Civically Engaged and Inclusive Pedagogy: Facilitating a multidisciplinary course on human trafficking


  • Dr Annjanette Ramiro Alejano-Steele



human trafficking, civically engaged pedagogy, social justice pedagogy, trauma-informed teaching


For university instructors who teach human trafficking as a comprehensive course, design decisions often begin with determining scope, disciplinary orientation, and learning goals. Further decisions involve pedagogical approaches and how to best support and sustain student learning. With civic engagement principles, universities can situate themselves within local anti-trafficking initiatives by offering courses to expand organisational capacities to end human trafficking. Using Human Trafficking 4160 at Metropolitan State University of Denver as an example, this paper provides key design questions to create a civically-engaged multidisciplinary course, partnered with agencies statewide, and equipped to support students primed for social justice and systems change. It offers suggestions for community partnerships to deliver content and co-create learning activities. It also provides pedagogical techniques to facilitate inclusive, trauma-informed learning spaces.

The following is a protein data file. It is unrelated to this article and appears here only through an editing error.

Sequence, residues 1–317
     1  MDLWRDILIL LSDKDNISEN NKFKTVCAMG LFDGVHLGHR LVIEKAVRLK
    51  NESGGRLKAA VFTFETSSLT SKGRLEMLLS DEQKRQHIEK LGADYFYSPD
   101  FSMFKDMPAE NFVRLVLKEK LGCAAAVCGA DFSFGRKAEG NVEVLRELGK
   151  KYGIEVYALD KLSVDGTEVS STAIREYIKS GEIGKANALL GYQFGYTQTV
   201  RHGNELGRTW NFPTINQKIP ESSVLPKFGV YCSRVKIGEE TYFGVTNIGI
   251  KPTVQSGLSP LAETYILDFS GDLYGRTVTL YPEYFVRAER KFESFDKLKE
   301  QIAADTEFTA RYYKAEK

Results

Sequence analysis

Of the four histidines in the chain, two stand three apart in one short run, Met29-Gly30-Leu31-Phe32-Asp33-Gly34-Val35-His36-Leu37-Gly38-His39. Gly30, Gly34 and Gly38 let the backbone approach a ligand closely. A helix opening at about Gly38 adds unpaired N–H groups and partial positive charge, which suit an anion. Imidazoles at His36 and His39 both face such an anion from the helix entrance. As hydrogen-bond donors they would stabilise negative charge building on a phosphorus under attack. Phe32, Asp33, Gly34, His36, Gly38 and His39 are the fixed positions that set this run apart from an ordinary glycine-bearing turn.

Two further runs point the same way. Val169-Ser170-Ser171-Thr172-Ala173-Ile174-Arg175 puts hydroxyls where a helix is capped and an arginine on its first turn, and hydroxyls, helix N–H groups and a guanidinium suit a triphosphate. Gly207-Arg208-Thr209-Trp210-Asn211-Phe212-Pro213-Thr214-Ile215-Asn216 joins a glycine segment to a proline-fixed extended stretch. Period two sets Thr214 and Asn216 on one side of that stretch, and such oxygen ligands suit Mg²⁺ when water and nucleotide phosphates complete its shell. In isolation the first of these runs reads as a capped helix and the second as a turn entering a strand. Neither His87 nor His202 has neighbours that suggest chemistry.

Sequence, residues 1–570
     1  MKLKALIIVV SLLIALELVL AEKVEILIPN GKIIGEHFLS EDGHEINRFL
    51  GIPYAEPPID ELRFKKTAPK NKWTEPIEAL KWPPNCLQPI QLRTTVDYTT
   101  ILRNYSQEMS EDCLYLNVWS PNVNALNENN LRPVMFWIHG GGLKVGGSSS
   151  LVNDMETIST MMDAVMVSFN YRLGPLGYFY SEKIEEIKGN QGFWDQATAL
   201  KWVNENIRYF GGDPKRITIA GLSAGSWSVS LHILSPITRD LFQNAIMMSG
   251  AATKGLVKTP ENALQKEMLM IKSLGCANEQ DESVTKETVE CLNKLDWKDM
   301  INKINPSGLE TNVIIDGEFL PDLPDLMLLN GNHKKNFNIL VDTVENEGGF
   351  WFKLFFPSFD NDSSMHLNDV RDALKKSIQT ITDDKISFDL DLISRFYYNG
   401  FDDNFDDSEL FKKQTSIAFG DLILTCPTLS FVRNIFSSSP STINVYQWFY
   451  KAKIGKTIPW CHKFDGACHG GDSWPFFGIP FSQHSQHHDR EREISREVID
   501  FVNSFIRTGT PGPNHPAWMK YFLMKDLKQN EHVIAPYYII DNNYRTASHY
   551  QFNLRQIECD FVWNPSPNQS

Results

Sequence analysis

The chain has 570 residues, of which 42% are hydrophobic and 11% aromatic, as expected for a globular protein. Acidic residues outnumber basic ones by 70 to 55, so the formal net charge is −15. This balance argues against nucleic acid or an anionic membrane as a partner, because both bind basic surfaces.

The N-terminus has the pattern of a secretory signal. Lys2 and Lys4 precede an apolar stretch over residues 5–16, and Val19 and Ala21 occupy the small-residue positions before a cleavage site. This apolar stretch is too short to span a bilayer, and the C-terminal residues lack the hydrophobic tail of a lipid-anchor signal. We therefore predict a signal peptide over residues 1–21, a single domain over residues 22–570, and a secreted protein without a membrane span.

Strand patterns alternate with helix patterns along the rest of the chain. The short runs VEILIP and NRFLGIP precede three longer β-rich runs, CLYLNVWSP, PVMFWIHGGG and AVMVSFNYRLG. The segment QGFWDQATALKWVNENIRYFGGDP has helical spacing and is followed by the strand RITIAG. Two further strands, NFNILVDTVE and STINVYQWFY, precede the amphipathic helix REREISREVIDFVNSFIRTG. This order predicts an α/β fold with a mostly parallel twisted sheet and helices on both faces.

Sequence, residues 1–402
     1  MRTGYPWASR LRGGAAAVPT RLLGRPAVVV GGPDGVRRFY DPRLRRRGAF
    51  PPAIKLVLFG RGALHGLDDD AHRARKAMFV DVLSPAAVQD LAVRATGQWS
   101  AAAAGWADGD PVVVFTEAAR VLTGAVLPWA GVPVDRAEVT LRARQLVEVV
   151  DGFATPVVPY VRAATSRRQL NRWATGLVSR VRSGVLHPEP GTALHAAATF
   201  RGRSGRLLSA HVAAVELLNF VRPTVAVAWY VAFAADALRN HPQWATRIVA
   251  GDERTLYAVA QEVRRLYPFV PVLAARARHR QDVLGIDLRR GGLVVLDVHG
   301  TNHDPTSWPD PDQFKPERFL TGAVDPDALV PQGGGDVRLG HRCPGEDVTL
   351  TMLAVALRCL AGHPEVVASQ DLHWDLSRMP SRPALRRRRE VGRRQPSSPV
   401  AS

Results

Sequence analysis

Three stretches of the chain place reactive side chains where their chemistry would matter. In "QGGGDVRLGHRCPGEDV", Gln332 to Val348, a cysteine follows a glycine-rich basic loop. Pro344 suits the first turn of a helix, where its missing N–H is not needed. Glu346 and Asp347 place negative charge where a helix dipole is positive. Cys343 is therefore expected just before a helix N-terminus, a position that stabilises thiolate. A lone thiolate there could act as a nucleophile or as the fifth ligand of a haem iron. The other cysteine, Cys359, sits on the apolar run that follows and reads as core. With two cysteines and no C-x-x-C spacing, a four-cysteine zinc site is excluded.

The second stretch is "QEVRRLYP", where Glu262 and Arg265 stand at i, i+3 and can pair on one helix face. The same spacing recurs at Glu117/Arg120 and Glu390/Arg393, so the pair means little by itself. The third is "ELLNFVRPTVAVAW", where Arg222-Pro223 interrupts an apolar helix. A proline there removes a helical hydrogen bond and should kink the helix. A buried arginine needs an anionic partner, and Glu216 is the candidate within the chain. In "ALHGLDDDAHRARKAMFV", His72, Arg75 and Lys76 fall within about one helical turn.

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Author Biography

Dr Annjanette Ramiro Alejano-Steele

Dr Annjanette Ramiro Alejano-Steele is an Associate Dean in the College of Health & Applied Sciences, and a dually-tenured professor of psychology and gender studies at Metropolitan State University of Denver. She is also the co-founder of the Denver-based non-profit Laboratory to Combat Human Trafficking. She is the author of Women and Health: Global lives in focus (ABC-CLIO, 2019). She has served as an advisor on several task forces, and she has researched anti-trafficking responses in Colorado as well as the Global South. She currently serves as an advisor on a global human trafficking research project based in London.




How to Cite

Alejano-Steele, A. R. (2021). Civically Engaged and Inclusive Pedagogy: Facilitating a multidisciplinary course on human trafficking . Anti-Trafficking Review, (17), 91–112.